Chang'an on the Silk Roads

Exhibition place:First Floor, Fashion Gallery, China Silk Museum

Exhibition time:2024.6 - 2024.10

Chang'an, known today as Xi'an, rests at the heart of the Guanzhong Plain and is heralded as one of the eminent cradles of Chinese civilization. Throughout history, this venerable city has witnessed the rise and fall of numerous dynasties, including the Western Han, Xin, Eastern Han, Western Jin, Former Zhao, Former Qin, Later Qin, Western Wei, Northern Zhou, Sui, and Tang. For over a millennium, Chang'an has carved its place in history as the most frequented capital, enduring the longest periods of imperial residence, exerting profound influence, and preserving a rich array of historical relics, unmatched in China's chronicles.

During the Han and Tang dynasties, Chang'an stood as the starting point of the ancient Silk Road, serving as a vital nexus connecting the East and West across the Eurasian continent. With its flourishing economy, radiant culture, and open-hearted inclusivity, Chang'an emerged as a magnificent global metropolis and a vibrant hub for cultural exchange between China and the world.

This year commemorates the tenth anniversary of the "Silk Roads: the Routes Network of Chang'an-Tianshan Corridor" being recognized as a UNESCO World Heritage site. For centuries, the Silk Road culture epitomized by Chang'an — renowned for its openness, inclusivity, and mutual exchange — has been revered worldwide. Through the exhibition of archaeological discoveries and exquisite artifacts, we aim to revive the captivating charm of this world city and celebrate the magnificent prosperity of the Silk Road.

Unit 1

The name "Chang'an" as a capital city originated during the Western Han Dynasty, symbolizing the hope for "long-lasting peace and stability." "Surpassing Kunlun and crossing vast seas, reaching distant lands and diverse cultures, spanning up thousands of miles", Chang'an in the Han Dynasty, built from 194 BC, was constructed upon the site of the Qin Dynasty's Xingle Palace. At its height, Han Dynasty Chang'an boasted a population of around 300,000, making it one of the earliest international metropolises alongside Rome.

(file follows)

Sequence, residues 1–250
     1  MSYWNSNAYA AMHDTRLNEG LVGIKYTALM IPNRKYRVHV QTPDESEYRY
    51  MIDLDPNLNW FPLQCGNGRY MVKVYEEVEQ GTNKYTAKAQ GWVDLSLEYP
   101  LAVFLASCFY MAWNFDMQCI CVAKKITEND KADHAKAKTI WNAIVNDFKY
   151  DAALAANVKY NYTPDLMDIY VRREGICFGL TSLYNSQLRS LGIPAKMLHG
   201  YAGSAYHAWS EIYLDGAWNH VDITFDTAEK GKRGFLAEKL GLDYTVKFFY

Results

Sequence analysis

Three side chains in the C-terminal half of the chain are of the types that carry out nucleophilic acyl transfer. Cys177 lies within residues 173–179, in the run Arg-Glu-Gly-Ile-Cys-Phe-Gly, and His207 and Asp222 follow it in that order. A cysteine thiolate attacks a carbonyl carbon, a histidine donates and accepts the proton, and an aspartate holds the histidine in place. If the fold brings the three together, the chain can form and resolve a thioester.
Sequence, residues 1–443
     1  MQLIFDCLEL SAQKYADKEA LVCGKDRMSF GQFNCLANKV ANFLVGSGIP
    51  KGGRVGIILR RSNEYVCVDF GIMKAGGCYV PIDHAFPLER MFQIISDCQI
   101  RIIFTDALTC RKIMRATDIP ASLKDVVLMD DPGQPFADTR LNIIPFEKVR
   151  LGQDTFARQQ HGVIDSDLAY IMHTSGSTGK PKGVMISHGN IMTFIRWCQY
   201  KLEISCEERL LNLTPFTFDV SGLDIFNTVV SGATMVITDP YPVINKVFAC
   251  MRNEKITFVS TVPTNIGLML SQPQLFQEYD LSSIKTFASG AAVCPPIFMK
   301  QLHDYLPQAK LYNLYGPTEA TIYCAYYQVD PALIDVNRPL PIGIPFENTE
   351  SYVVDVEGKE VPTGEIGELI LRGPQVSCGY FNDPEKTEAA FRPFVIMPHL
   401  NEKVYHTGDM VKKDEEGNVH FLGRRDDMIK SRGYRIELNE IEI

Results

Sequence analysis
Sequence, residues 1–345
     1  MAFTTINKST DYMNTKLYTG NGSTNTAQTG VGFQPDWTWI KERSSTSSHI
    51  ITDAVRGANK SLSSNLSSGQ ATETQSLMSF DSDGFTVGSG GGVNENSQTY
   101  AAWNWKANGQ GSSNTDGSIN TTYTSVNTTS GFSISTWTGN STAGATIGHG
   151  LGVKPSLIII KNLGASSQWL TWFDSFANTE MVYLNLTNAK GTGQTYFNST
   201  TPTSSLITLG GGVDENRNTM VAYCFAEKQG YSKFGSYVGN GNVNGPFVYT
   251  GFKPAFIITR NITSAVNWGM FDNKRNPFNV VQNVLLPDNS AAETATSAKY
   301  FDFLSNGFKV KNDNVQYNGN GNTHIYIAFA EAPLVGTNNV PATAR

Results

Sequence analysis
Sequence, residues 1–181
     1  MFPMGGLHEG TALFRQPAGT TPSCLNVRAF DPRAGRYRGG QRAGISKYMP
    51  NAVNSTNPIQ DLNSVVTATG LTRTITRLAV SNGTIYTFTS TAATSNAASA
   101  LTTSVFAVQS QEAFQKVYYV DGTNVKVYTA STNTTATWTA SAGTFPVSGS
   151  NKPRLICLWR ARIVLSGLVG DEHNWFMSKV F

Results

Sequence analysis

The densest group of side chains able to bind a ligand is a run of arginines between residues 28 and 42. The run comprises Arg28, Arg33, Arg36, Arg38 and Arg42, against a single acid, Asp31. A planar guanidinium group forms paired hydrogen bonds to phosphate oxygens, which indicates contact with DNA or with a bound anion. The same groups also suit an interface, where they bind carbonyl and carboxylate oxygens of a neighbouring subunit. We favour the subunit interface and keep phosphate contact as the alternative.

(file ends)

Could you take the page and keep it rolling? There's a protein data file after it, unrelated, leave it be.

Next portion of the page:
Chang'an in the Tang Dynasty, established on the foundations of the Sui capital Daxing, was renowned for its orderly layout, magnificent architecture, and vast scale, epitomizing a first-class city of its era. It was also the largest capital in Chinese history, with its population exceeding one million at its peak, making it the most populous city in the world at the time. Foreign envoys, merchants, students, and missionaries journeyed great distances along the Silk Road to pay tribute, trade, study, or make pilgrimages in Chang'an, with many even settling there for generations. Chang'an truly earned the title of the Capital of the World, a beacon of cultural exchange and cosmopolitan splendor.


Unit 2

In the Tang Dynasty, the convergence of an advanced transportation network, a thriving agricultural economy, and the Imperial Court’s enthusiastic support for commerce elevated trade to unparalleled heights. As the national hub of industry and commerce, Chang'an was meticulously structured with separate zones for markets and residential districts, known as "shi" and "fang," maintaining a clear distinction between the two. 

The principal markets were situated in the East and West Markets, attracting merchants from all over the world, with a multitude of guesthouses and shops flourishing. The West Market, in particular, was hailed as a world-class trade center, earning the illustrious title of the "Golden Market." In this vibrant hub, gold and silver artifacts, gemstones, glassware, spices, silk, porcelain, and tea were traded and transshipped, fostering a bustling exchange. Moreover, the Markets were a crucible of cultural interchange, where Eastern and Western cultures converged and communicated. The cultural influences borne by imported goods were absorbed and further disseminated, weaving together a rich tapestry of Silk Road civilization.

Unit 3